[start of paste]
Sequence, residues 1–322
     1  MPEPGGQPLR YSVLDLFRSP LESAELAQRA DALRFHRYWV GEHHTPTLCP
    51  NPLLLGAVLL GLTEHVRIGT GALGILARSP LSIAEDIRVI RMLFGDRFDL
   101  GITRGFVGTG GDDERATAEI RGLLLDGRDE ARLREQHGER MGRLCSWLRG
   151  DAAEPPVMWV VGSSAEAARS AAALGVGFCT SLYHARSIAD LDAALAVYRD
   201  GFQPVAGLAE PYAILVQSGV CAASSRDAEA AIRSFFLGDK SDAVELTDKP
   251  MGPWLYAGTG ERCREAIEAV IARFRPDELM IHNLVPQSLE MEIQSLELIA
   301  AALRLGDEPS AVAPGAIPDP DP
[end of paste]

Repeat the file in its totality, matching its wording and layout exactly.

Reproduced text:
Sequence, residues 1–322
     1  MPEPGGQPLR YSVLDLFRSP LESAELAQRA DALRFHRYWV GEHHTPTLCP
    51  NPLLLGAVLL GLTEHVRIGT GALGILARSP LSIAEDIRVI RMLFGDRFDL
   101  GITRGFVGTG GDDERATAEI RGLLLDGRDE ARLREQHGER MGRLCSWLRG
   151  DAAEPPVMWV VGSSAEAARS AAALGVGFCT SLYHARSIAD LDAALAVYRD
   201  GFQPVAGLAE PYAILVQSGV CAASSRDAEA AIRSFFLGDK SDAVELTDKP
   251  MGPWLYAGTG ERCREAIEAV IARFRPDELM IHNLVPQSLE MEIQSLELIA
   301  AALRLGDEPS AVAPGAIPDP DP